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Prices In The UK Hit Another 40-Year High Of 10.1%



Reports said that prices in the United Kingdom continue to rise, hitting another 40-year high of 10.1%. According to figures from the UK’s Office for National Statistics, the Consumer Prices Index (CPI) rose by 10.1% in the 12 months to September 2022, up from 9.9% in August.


It has been reported that the 10.1% figure mirrors July’s recent high.


ONS data stated:

"Rising food prices made the largest upward contribution to the change in both the CPIH and CPI annual inflation rates between August and September 2022."

However, the BBC reported that the Ukraine war led to an increase in grain prices, also sharing that dairy products have risen by over 30% in cost in one year. In recent months, British pound trading volumes soared on exchanges, while the pound almost hit parity with the dollar before the Bank of England got back to the business of printing money.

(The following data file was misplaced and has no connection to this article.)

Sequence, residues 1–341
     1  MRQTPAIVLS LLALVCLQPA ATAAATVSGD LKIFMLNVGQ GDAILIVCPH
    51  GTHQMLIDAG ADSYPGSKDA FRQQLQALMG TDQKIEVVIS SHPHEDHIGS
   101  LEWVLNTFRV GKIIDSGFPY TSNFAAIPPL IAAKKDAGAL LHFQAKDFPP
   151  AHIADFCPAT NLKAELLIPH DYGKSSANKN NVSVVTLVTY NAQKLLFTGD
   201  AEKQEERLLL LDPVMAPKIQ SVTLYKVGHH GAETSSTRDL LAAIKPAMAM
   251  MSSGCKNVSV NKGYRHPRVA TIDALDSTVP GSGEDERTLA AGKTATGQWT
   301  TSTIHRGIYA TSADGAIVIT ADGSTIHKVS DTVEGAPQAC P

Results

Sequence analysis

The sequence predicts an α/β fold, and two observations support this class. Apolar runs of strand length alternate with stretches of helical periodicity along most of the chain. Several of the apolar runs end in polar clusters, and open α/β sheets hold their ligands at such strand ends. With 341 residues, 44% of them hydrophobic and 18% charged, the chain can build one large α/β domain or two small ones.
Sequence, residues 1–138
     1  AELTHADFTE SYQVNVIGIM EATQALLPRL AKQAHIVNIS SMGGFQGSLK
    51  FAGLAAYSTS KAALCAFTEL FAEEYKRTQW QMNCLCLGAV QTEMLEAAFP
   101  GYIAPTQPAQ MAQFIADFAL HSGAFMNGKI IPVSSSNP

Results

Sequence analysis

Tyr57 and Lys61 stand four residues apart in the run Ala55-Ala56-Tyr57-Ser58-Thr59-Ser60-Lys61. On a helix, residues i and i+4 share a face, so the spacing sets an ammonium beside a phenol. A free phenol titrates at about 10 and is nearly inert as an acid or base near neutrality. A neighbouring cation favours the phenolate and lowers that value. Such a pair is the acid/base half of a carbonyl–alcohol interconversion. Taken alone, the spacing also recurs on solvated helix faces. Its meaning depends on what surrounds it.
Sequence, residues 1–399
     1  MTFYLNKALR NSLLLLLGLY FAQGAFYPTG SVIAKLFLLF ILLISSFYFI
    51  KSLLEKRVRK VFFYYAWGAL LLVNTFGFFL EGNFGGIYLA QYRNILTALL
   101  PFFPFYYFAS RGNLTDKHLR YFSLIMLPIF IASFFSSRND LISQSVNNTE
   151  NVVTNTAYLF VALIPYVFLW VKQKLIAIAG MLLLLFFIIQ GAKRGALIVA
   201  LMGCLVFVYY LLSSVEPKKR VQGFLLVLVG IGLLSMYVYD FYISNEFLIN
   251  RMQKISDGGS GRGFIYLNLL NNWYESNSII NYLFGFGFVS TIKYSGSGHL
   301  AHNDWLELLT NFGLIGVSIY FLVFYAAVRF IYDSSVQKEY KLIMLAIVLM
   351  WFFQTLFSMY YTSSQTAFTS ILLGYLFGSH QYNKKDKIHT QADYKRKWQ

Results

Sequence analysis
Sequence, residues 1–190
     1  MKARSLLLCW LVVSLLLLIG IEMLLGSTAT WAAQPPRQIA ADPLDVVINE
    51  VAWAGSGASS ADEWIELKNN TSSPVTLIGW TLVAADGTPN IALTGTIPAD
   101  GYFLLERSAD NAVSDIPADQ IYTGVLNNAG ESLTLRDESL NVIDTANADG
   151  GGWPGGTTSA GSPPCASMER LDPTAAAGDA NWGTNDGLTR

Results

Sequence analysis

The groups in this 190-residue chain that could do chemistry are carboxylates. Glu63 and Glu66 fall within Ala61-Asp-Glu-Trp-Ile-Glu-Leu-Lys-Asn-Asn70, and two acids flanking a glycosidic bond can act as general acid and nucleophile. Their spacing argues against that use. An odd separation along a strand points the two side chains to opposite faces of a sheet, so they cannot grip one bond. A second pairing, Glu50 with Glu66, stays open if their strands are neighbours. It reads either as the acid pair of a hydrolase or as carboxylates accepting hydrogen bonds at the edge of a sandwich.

Jordan Walker, the CEO of the UK-based Bitcoin Collective, said:

"Given the current policies in place by BoE [Bank of England] and our government, double-digit inflation is quite obvious. I feel like it is a wake-up call for many people in the UK to start learning about why this is happening to our money."

The report said that Walker explained that hosting the UK Bitcoin Conference should help to teach people about “The ‘why’ and offer a solution which we believe is Bitcoin.”


James Dewar, the Founding Partner of UK-based Bridge2Bitcoin, said:

"There are two components to inflation. One is supply/demand mismatches caused by disruptions such as Covid, responses to Covid, and war. All we normally hear about are these, as politicians argue these are events 'outside' our control."

Thus, Dewar continued:

"What we don't hear so much about is that the other component of inflation is monetary and that since 2008 governments have encouraged central banks to both directly buy their debt (money printing) and indirectly to encourage them to get banks to increase lending (money printing)."

Source: Cointelegraph


 

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